much smaller, much more affordable machines nicknamed minicomputers,
typified by the classic Digital Equipment Corporation (DEC) PDP-8,
introduced in 1965. A later model, the PDP-10, popularized a concept called
time-sharing, which allowed multiple users to run their own
programs on the same machine at the same time—and, if it ran fast
enough, you could even pretend you had your own machine.
Photo: The control panel of DEC's classic 1965 PDP-8 minicomputer.
Photo by Cory Doctorow published on
Flickr in 2020 under a Creative Commons (CC BY-SA 2.0) licence.
Integrated circuits, as much as transistors, helped to shrink
computers during the 1960s. In 1943, IBM boss Thomas Watson had
reputedly quipped: "I think there is a world market for about five
computers." Just two decades later, the company and its competitors had
installed around 25,000 large computer systems across the United
States. As the 1960s wore on, integrated circuits became increasingly
sophisticated and compact. Soon, engineers were speaking of large-scale
integration (LSI), in which hundreds of components could be crammed
onto a single chip, and then very large-scale integrated (VLSI), when
the same chip could contain thousands of components.
The logical conclusion of all this miniaturization was that,
someday, someone would be able to squeeze an entire computer onto a
chip. In 1968, Robert Noyce and Gordon Moore had left Fairchild to
establish a new company of their own. With integration very much in
their minds, they called it Integrated Electronics or Intel for short.
Originally they had planned to make memory chips, but when the company
landed an order to make chips for a range of pocket calculators,
history headed in a different direction. A couple of their engineers,
Federico Faggin (1941–) and
Marcian Edward (Ted) Hoff (1937–), realized that
instead of making a range of specialist chips for a range of
calculators, they could make a universal chip that could be programmed to work in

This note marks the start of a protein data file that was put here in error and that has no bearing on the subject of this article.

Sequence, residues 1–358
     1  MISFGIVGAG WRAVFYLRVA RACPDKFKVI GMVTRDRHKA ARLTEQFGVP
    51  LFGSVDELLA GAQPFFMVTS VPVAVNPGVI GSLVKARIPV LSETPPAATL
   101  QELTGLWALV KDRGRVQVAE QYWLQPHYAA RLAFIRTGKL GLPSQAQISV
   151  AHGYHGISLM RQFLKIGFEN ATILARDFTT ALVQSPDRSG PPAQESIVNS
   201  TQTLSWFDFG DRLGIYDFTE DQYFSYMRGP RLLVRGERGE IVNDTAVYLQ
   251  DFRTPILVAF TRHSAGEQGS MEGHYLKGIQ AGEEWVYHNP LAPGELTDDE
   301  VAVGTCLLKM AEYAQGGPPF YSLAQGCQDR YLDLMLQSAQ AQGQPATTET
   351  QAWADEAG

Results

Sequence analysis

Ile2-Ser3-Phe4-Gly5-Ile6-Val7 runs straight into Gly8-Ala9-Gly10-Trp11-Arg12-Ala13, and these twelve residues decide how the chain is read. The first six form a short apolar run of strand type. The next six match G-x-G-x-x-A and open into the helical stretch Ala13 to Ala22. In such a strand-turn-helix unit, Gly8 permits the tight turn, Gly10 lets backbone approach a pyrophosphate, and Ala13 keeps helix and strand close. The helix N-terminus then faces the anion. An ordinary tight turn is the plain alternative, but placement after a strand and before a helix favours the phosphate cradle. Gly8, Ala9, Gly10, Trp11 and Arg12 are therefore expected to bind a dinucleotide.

them all. Thus was born the general-purpose, single chip computer or
microprocessor—and that brought about the next phase of the computer
By 1974, Intel had launched a popular microprocessor known as the
8080 and computer hobbyists were soon building home computers around it.
The first was the MITS Altair 8800, built by Ed
Roberts. With its front panel covered in red
LED lights and
toggle switches, it was a far cry from modern PCs and laptops. Even so,
it sold by the thousand and earned Roberts a fortune. The Altair
inspired a Californian electronics wizard name Steve
Wozniak (1950–) to develop a computer of his own. "Woz" is often
described as the hacker's "hacker"—a technically brilliant and highly
creative engineer who pushed the boundaries of computing largely for
his own amusement. In the mid-1970s, he was working at the
Hewlett-Packard computer company in California, and spending his free
time tinkering away as a member of the Homebrew Computer Club in the
After seeing the Altair, Woz used a 6502 microprocessor (made by an
Intel rival, Mos Technology) to build a better home computer of his
own: the Apple I. When he showed off his machine to his colleagues at
the club, they all wanted one too. One of his friends, Steve Jobs (1955–2011), persuaded Woz that they should
go into business making the machine. Woz agreed so, famously, they set
up Apple Computer Corporation in a garage belonging to Jobs' parents.
After selling 175 of the Apple I for the devilish price of $666.66, Woz
built a much better machine called the Apple ][ (pronounced "Apple
Two"). While the Altair 8800 looked like something out of a science
lab, and the Apple I was little more than a bare circuit board, the
Apple ][ took its inspiration from such things as Sony televisions and
stereos: it had a neat and friendly looking cream plastic case.
Launched in April 1977, it was the world's first
easy-to-use home "microcomputer." Soon home users, schools, and small